Gator's Blog

Staring Into The Sun


Sacramento, California,
February 01
Father of ultra cool daughter; husband of beautiful, infinitely patient wife; walker of goofy, good-natured dog; aspiring writer and journalist; advocate; traveler; proud Lefty; movie lover; average age-group triathlete; tinkerer; woodworker; knowledgeable in useless trivia; amateur historian; appreciative listener of seventies rock; admirer of Cheever, Boyle, McCarthy, Scorsese, Alexie, Coen Brothers, Styron, Ripley and many others great and lesser known. If you have the time or inclination please click on the "writerMann" link below to check out my website. Thanks


MAY 15, 2009 2:28AM

Dad, Death, His Spirituality, My Atheism – Part I

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The thing that has stayed with me the longest is the smell, the most vile mixture of bleach, geriatrics, and shit. That and the pleas for help as they lay in bed, their broken bodies so tiny beneath institutional blankets, narrow lips parting ever so, "Help me, please, help me," as they pathetically reach out bony hands, beckoning.  And their eyes Oh God! their eyes, truly windows into the soul, but now?  Empty, like their minds have checked out, now just waiting, waiting for the  corporeal to join them.  We were told, for obvious insurance purposes, never to help. I would never go into the rooms, but if they were out in the hallway in their wheelchair or scooter and needed help around some obstacle or another, sure, I lent a hand, what the hell.  What are rules for if not to be broken?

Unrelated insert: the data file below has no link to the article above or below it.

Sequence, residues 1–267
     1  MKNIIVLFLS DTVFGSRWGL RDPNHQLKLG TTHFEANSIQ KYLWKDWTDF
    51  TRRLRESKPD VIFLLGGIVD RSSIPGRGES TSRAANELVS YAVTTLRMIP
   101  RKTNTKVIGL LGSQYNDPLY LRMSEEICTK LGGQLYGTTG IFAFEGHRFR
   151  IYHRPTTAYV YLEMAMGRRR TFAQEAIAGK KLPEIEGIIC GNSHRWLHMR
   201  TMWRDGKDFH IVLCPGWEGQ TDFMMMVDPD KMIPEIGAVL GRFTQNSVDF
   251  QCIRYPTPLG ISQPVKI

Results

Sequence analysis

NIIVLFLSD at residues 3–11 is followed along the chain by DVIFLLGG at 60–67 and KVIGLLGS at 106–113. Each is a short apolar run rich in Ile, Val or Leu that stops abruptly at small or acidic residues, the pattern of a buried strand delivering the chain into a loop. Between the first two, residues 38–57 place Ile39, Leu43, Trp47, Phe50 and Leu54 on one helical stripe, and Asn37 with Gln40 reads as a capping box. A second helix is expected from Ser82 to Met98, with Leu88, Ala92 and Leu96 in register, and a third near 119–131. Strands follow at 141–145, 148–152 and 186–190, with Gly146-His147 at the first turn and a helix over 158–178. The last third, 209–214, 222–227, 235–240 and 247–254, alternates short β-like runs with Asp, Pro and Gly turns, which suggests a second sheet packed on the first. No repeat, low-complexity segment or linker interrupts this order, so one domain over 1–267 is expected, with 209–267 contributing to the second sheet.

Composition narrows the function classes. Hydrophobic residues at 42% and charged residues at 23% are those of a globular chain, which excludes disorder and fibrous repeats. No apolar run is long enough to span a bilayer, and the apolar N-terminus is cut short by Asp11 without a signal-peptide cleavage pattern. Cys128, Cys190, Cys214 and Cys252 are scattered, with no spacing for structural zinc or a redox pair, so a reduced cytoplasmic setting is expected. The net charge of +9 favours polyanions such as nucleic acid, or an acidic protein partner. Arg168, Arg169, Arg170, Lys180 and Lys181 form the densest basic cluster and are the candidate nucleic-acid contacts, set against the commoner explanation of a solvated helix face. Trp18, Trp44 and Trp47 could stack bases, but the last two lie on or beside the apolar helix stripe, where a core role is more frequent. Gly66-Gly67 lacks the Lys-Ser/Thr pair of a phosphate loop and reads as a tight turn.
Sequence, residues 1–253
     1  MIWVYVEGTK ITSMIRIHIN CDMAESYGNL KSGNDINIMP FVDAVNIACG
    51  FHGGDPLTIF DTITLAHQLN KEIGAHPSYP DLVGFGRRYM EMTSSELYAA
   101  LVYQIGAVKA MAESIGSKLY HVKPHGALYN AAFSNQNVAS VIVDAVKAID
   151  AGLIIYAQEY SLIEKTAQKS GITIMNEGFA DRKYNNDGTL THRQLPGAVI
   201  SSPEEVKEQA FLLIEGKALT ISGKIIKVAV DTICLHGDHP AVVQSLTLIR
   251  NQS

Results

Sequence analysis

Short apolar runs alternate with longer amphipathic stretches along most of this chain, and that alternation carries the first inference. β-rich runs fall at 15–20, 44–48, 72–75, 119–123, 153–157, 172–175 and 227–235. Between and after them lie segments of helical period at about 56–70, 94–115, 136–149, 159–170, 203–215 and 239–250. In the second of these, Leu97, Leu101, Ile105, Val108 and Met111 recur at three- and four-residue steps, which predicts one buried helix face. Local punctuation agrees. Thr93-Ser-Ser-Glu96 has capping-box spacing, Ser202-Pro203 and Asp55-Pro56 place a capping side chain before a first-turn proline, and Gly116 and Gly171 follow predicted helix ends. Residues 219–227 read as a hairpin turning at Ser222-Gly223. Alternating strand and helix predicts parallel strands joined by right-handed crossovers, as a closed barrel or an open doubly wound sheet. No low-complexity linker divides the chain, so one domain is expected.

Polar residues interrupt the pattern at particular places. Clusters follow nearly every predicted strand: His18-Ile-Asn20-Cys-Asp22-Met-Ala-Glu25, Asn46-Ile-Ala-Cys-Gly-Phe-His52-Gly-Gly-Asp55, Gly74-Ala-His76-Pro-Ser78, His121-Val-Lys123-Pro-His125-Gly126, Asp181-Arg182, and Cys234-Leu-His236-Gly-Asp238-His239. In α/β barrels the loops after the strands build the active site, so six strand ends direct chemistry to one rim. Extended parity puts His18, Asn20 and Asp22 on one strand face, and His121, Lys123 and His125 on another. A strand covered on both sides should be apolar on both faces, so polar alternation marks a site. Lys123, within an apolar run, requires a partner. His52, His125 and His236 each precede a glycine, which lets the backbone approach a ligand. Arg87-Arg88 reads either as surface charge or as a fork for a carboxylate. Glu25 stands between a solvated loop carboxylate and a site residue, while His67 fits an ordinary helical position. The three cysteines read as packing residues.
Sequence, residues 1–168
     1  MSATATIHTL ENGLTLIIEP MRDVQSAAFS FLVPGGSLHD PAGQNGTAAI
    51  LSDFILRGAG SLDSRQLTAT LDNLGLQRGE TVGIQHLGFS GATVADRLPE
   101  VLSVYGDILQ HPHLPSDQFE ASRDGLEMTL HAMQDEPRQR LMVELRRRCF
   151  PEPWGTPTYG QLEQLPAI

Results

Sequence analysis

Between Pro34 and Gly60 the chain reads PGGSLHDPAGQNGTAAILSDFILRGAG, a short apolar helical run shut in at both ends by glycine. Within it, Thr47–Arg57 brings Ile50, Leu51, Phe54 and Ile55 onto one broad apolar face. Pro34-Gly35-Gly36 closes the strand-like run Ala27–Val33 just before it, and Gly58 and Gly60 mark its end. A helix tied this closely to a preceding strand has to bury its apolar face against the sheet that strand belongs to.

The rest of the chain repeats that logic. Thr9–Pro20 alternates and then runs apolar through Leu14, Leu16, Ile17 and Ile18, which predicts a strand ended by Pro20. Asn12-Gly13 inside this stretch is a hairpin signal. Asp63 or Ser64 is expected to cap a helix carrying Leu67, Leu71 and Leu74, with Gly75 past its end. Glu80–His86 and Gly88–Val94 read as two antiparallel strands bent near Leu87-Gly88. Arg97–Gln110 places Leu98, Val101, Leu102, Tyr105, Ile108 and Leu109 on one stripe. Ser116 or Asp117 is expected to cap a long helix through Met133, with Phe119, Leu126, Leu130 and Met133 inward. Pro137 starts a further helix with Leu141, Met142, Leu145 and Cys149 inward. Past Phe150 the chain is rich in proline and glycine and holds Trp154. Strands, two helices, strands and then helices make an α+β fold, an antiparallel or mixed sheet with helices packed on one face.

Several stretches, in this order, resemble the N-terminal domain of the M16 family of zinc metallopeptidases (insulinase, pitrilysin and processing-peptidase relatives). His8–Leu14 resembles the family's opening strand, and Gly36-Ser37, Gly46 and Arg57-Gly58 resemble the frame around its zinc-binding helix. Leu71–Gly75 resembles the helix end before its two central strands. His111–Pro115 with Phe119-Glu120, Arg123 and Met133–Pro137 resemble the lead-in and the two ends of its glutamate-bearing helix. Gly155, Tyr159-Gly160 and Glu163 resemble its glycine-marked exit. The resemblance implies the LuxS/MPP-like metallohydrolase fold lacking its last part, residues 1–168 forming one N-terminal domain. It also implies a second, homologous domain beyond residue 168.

Those in a nutshell are my lasting memories of Dad’s nursing home. Not in totality, of course, but the sense of smell creates one hell of a connection to the past, more than any other sense, and as anyone who has been around nursing homes for any length of time can attest, that stench really stays with you. And the desperate pleas? Powerful emotional shit, to see an elderly person craning their neck and reaching out to you from the confines of their bed, their prison. I knew the ones that never had any visitors, they were the most needy. I didn’t know their stories, but boy, could I imagine, and I got some kind of pissed-off at the imaginary son/daughter/grandkids who couldn’t be bothered to visit Gammy even once a year. I also thought about the lives these folks once led, full of vigor and happenings and love and heartbreak and joy and sorrow.  Life.  Living.  That’s what I tried to focus on when I saw them.

My mother, Mary, sure as hell wasn’t one of those absentee spouses. Nope, she was there every day for three solid years making sure Dad was being taken care of, and she didn’t give a shit who she pissed off in the process. She was on the nurse’s asses like nobody’s business, with a verve and dedication borne of fifty plus years of marriage, and if the nurses or the staff weren’t doing their job, she would march right in to the director’s office to right the wrong. And it wasn’t only on behalf of my old man. On more than one occasion I walked into the dining room and there was Mom, taking the bull by the horns and passing out the trays of food to the assembled residents.

All the residents knew Mary, all the staff, everyone.  The staff and nurses had difficult jobs, no question, but sometimes things in a nursing home just don’t move as quickly as they should (or as well-meaning, loving family members think they should). No doubt there were plenty of bell-ringers, those patients who kept their thumbs pressed down on the call button 24-7. I can’t remember on any of my visits ever walking by the nurse’s station and not seeing the board lit up like a Christmas tree. The funny thing is, despite, or maybe because of Mom’s unflagging dedication to Dad’s well-being, the staff, pretty much to a person, respected Mom. Most of them liked her too, but even those who didn’t understand her singular dedicated focus did respect her.  Probably didn't hurt her cause that everyone thought Dad was the cat's pajamas.